Methamphetamine: How effective are current treatment programs?

This series of articles has provided a brief overview of methamphetamine – its effects on mind and body, social costs, the scope of the problem in Wyoming and Uinta County, and with today’s installment, treatment for those affected by the substance.

Typically, drug treatment programs are divided into outpatient, where participants continue to live and work in their community, and inpatient, where those in treatment are placed in a hospital or residential setting where their freedom is more limited and they will live until program completion. Traditionally, outpatient treatment programs are 8-12 weeks in length, and hospital-based or residential inpatient programs are 21 or 28 days in length. Aftercare group treatment follows both outpatient as well as inpatient interventions with the patient attending once per week for one year. During the course of treatment, random urine testing of the patient averages one time per week. These are examples of typical substance abuse treatment programs consistent with currently prevailing standards of care. An innovation in drug treatment allowed for the “half-way house,” a hybrid program, usually of six months duration, where the patient lives and attends daily meetings but returns to work in the community concurrently. Other experimental treatment models are in use but the above protocols have been standard for years.

As we review data on treatment failures, we find methamphetamine users are highly over represented, i.e., standard treatment protocols are not working well for methamphetamine abusers. Recalling that dopamine cells are killed by repeated use of methamphetamine, that these cells are a critical part of the brain’s “natural reward” system, i.e., needed for motivation and to keep interest in pleasurable things, and finally that it takes 2-3 years for regeneration of these cells following abstinence from the drug, these treatment failures make more sense.

Methamphetamine is an extremely potent central nervous system stimulant with effects lasting 12-24 hours. Following the “high” from the drug is a “crash” or long period of depression and exhaustion which stands in sharp contrast to the euphoric, energetic effect initially obtained from the drug. Repetitive, compulsive use of methamphetamine is in large part attributable to efforts to avoid the extreme depression as the high wears off, i.e., withdrawal, and the user desperately seeks to regain even a normal mood state. It therefore becomes difficult to remain drug free when to do so means you will remain depressed for a very long time; 2-3 years with an average being about 2 years.

Effective treatment of methamphetamine abuse, according to Dr. Sushma Taylor, CEO of Centerpoint, the model methamphetamine treatment program in California, requires longer treatment protocols. He prescribes 9-12 months of intensive outpatient work consisting of 3-4 hours, 4-5 times per week with various levels patients advance through based on successful participation, or 3-6 months of intensive inpatient treatment. Additionally, both programs are followed by extended aftercare groups lasting two years. First year aftercare groups should meet 2-3 times per week and once per week for the second year as patients are able to progress. Random urine samples need to be taken two times per week to assure abstinence or to identify relapses. Individual sessions with substance abuse professionals need to be regularly available to help patients deal with attendant hurt and anger which may be too personal for group settings.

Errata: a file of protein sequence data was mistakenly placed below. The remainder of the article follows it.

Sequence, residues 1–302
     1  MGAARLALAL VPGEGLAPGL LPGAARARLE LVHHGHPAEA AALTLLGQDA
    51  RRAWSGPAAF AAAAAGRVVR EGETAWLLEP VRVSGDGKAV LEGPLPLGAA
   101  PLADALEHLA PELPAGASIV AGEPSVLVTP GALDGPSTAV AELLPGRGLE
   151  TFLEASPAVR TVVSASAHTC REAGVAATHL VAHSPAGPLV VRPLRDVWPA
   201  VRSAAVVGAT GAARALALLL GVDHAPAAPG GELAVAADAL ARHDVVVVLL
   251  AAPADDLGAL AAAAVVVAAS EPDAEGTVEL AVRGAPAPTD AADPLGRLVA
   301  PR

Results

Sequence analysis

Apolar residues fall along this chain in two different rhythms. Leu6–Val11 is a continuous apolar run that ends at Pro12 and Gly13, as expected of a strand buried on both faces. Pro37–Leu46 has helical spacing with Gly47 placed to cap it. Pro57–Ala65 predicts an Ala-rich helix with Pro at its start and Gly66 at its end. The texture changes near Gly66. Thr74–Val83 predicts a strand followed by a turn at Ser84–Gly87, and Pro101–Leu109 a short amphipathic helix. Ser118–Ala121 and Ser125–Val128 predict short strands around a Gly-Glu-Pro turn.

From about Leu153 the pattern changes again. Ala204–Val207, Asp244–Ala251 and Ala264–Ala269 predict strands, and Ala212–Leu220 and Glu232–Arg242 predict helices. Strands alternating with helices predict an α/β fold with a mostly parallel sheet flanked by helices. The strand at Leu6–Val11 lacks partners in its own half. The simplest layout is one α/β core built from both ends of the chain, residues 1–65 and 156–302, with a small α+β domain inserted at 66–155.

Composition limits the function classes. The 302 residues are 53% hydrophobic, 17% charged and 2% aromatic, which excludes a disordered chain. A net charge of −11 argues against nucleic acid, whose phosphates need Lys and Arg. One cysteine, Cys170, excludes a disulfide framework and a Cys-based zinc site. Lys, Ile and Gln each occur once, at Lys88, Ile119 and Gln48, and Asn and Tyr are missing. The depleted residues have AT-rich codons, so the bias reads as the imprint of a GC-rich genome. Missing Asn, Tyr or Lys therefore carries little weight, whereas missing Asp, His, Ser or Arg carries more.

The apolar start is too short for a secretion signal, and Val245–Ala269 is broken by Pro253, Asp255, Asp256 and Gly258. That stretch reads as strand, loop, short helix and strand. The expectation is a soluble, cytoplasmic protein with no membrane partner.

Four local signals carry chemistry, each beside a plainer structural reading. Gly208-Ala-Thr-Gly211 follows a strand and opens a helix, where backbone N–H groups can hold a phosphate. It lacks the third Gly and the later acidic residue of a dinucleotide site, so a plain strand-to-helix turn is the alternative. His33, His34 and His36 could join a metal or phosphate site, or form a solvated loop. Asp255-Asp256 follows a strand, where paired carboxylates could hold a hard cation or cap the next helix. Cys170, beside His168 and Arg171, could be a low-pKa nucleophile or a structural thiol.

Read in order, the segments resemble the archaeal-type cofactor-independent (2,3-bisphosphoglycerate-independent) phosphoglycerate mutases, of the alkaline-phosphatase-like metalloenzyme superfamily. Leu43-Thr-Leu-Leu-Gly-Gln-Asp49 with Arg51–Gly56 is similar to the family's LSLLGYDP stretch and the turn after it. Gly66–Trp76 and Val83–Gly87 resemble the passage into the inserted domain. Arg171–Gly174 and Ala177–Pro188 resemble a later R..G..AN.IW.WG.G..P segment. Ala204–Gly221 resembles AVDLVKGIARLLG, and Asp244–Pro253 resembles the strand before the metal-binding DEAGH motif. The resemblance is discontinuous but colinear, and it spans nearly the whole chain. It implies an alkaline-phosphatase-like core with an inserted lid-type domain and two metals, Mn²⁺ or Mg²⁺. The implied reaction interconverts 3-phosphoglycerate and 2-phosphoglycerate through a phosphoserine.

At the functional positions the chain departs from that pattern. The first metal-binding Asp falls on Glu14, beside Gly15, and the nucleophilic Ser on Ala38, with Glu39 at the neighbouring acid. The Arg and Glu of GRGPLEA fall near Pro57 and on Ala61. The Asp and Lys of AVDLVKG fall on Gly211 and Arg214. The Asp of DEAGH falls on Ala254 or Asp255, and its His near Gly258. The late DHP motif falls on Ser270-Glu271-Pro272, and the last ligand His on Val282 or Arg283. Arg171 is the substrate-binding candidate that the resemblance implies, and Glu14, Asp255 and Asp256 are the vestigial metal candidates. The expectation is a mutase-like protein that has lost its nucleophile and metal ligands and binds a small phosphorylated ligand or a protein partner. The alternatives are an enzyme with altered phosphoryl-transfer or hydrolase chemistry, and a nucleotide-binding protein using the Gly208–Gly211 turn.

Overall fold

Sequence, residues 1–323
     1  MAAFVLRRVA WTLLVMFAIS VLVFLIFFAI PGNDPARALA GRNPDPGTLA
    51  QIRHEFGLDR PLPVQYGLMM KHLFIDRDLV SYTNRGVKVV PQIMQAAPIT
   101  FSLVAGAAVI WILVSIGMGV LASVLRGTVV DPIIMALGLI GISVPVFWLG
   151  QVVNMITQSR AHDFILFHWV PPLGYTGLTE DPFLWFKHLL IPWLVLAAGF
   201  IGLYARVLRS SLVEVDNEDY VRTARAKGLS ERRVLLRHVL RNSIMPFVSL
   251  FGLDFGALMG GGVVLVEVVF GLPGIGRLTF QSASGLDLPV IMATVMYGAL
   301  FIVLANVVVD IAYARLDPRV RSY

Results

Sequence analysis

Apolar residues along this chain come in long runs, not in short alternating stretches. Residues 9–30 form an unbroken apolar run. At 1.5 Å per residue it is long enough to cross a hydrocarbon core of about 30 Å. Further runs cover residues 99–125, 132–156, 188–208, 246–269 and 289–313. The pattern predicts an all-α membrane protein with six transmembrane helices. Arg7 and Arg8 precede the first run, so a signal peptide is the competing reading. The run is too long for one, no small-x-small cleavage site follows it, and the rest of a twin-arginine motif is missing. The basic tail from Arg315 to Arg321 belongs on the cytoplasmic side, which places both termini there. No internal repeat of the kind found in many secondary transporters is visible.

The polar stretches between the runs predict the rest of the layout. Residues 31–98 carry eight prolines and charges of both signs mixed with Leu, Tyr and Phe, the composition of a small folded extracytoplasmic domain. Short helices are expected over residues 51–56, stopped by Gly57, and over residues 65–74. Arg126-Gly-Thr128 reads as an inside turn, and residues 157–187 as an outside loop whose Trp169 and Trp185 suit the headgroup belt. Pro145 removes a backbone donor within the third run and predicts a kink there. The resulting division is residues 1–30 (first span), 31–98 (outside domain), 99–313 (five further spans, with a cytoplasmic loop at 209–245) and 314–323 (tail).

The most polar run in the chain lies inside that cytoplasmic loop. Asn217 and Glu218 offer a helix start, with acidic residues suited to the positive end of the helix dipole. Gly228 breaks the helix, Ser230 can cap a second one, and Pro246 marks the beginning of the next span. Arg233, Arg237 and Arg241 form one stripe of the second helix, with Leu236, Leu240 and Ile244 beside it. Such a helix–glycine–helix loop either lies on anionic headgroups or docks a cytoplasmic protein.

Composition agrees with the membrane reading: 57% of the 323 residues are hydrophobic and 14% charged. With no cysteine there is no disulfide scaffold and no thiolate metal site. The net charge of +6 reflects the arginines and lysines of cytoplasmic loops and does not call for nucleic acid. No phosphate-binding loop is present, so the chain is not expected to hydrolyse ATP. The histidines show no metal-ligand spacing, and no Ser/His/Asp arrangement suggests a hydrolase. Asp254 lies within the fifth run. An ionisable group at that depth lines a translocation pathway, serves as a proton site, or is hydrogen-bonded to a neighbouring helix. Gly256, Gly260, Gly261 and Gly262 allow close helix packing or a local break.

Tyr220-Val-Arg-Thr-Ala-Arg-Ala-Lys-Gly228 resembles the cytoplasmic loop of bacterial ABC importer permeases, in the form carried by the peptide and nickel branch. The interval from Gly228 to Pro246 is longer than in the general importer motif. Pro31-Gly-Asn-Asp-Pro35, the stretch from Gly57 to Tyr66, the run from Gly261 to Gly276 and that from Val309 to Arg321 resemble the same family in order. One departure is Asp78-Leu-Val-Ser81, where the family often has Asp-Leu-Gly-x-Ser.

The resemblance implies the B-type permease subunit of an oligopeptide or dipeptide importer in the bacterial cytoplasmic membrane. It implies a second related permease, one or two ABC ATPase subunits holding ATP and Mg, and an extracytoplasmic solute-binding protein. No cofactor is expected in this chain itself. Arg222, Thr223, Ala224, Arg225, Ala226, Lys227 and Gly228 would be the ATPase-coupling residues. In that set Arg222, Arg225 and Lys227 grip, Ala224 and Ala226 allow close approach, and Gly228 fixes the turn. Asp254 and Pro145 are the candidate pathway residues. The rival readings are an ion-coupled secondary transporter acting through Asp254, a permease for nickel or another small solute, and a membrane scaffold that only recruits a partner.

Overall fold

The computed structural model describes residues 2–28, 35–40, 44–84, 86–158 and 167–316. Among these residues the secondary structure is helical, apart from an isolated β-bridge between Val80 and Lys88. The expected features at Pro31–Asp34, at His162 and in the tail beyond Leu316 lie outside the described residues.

Eventually, individuals will be exposed to environmental cues such as smells, certain places, or people which will trigger cravings for the drug and require support be available and accessed by those in recovery. Relapse-prevention in aftercare helps to address this ahead of time so those tempted to use have a plan in place. Family involvement is important to treatment and family education, in addition to “family week,” an intensive week-long component conducted by therapists with educational and family interactional dynamic analysis and intervention provided to participants, is essential to healing. Relapse-prevention will be facilitated by a family support group and by a continuing peer-support group.

Getting former methamphetamine users back to work as productive, contributing members of the community as soon as practical and sustainable for the patient is important for both the person in recovery from methamphetamine abuse and the community to which prior users often owe some restitution. However, aftercare support, extended beyond traditionally typical times, will be a critical treatment component supporting the methamphetamine user’s recovery and decreasing chances that the person will again turn to methamphetamine and give up life as a productive, responsible, law-abiding citizen.